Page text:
ANALYSIS: The NYT story on China’s alleged change of plans regarding Scarborough is a good example of the perils of covering a lack of events. The crux of the story is the assumption by unspecified others that China had planned to build an outpost at Scarborough Shoal, plus the assertion that China has delayed those plans because of Duterte’s possible friendship. While there is plenty of good material in the story, it does not convincingly establish the Chinese plans, a change in those plans, or the reason for any change. Plans? No direct source is given for China’s alleged plans, but material suggesting they might exist includes “rumors” (one round of which were pretty well debunked) of dredgers in the area and speeches by the scholar Jin Canrong, a lively personality whose whose ties to leadership are unclear. Change of plans? If Jin was right in his speech referenced in the story, construction was planned for next year, thus the lack of activity so far is no evidence of a change in alleged plans. Cause of the alleged change? Jin is given as a source for the notion that, in paraphrase, “Duterte’s openness to talking with China, and his cantankerous attitude toward the Americans, would probably delay the construction plans.” Then again, if there was a change, perhaps it was tied to Obama’s reported warning to President Xi Jinping not to make moves that might engage U.S. treaty commitments to the Philippines—or to other factors entirely. I pick on this story not because it is uniquely problematic, but because the issues it covers are of great potential consequence and are so often discussed in over-certain terms both by “analysts” and by journalists. At minimum, I would strongly advocate for a dissenting voice in a story like this that depends essentially on a few experts’ guesses.

TRADE
Chinese aluminum hearing scheduled; China extends anti-dumping duties on U.S. chicken

The U.S. International Trade Commission will hear from Chinese industry officials this week in a investigation into aluminum pricing, Nikkei reports. “In response to pressure from U.S. aluminum producers who fear cut-rate Chinese exports, the U.S. International Trade Commission in April launched an investigation of competitive factors affecting aluminum production in major producing countries, including the U.S. and China,” according to Nikkei, which reports the investigation is not expected to conclude until mid-2017. / Reuters reports: “China’s commerce ministry said it will extend anti-dumping measures on imports of U.S. broiler chicken products for a further five years, effective from Sept 27. A suspension of the measures would potentially hurt Chinese firms, according to a statement posted on the ministry’s website on Monday.” / The Chinese Ministry of Commerce and the Sichuan government hosted bilateral meetings on state/province trade and technology cooperation.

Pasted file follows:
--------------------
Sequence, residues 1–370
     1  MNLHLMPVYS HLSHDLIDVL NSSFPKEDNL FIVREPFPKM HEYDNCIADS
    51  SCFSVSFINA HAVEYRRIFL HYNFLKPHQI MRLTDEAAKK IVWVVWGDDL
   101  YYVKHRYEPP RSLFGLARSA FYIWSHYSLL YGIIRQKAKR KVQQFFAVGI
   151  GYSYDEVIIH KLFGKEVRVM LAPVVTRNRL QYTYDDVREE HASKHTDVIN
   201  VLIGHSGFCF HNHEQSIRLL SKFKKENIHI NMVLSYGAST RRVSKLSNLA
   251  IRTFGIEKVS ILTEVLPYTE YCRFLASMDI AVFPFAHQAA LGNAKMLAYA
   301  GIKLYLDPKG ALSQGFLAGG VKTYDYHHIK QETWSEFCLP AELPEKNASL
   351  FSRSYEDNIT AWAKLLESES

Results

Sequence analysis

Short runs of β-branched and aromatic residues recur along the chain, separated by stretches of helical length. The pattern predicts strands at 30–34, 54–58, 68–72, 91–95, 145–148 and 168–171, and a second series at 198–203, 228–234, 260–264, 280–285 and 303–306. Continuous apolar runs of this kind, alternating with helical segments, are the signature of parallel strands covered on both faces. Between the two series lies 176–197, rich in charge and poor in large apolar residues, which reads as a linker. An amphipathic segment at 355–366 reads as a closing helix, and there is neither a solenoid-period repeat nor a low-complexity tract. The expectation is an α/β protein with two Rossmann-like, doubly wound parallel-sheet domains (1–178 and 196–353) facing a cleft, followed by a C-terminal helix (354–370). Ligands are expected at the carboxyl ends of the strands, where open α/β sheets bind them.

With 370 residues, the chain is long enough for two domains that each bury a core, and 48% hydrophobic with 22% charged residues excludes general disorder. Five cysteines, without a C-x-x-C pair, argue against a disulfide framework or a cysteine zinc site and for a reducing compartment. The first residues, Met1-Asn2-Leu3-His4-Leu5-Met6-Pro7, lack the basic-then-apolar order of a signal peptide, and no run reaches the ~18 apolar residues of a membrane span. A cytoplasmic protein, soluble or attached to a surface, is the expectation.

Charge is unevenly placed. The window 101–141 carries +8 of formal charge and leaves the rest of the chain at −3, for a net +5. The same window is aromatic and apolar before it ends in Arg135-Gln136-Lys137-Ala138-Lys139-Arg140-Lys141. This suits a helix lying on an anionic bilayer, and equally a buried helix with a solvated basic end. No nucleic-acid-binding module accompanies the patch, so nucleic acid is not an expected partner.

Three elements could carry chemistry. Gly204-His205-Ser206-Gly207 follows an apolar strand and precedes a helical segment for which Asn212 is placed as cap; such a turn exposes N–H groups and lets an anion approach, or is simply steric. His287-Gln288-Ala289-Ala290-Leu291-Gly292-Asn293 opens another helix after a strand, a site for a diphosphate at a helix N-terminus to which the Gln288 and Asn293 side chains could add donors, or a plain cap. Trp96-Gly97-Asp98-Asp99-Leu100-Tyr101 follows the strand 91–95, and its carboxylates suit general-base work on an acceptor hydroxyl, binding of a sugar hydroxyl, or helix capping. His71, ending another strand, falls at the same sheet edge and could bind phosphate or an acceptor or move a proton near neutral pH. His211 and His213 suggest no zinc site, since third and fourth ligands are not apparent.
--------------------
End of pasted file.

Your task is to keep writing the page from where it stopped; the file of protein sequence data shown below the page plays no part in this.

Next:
#USChinaWeek1966
Ezra Vogel reviews French journalist’s China book, describes difficulty of China journalism in ’60s

Sept. 25, 1966: “Guillain paints the view from a distance, scarcely scratching the surface. In part, the responsibility for sticking to surfaces lies with Peking, which sees foreign journalists as a means of favorable publicity. Before 1949, when the Communists could not afford their Foreign Language Press, select sympathetic foreign journalists were invited and given a story which they happily published as a ‘scoop’ in the Western press. Today more foreign journalists are admitted, and since they are not necessarily friendly, Peking provides a guided tour of model communes, factories and cities. The leaders are still convinced that letting foreigners roam and mingle freely is not worth the risk of sabotage and the sowing of seeds of discontent. … In part, however, the responsibility lies with Western journalism. The U.S. Government has sizable numbers of Chinese-language officers well trained in Chinese culture, and the universities are now belatedly training scholars on Communist China. Virtually no Western reporters have comparable training…”

(Source: The New York TimesThis entry is part of an ongoing feature of U.S.–China Week that follows U.S.–China relations as they developed in another era of change and uncertainty, 50 years ago.)

ABOUT U.S.–CHINA WEEK

U.S.–China Week is a weekly news and analysis brief that covers important developments in U.S.–China relations and features especially insightful or influential new policy analysis.

Graham Webster is a senior research scholar, lecturer, and senior fellow of the Paul Tsai China Center at Yale Law School, where he specializes in U.S.–China diplomatic, security, and economic relations through research and Track II dialogues. His website is gwbstr.com.

Disclaimer: Opinions expressed here are my own (and I reserve the right to change my mind).

Subscription to U.S.–China Week by clicking here or e-mailing me is free and open to all, and an archive of past editions appears at my long-running website on East Asia and the United States, Transpacifica.

Contact: Follow me on Twitter at @gwbstr. Send e-mail to [email protected].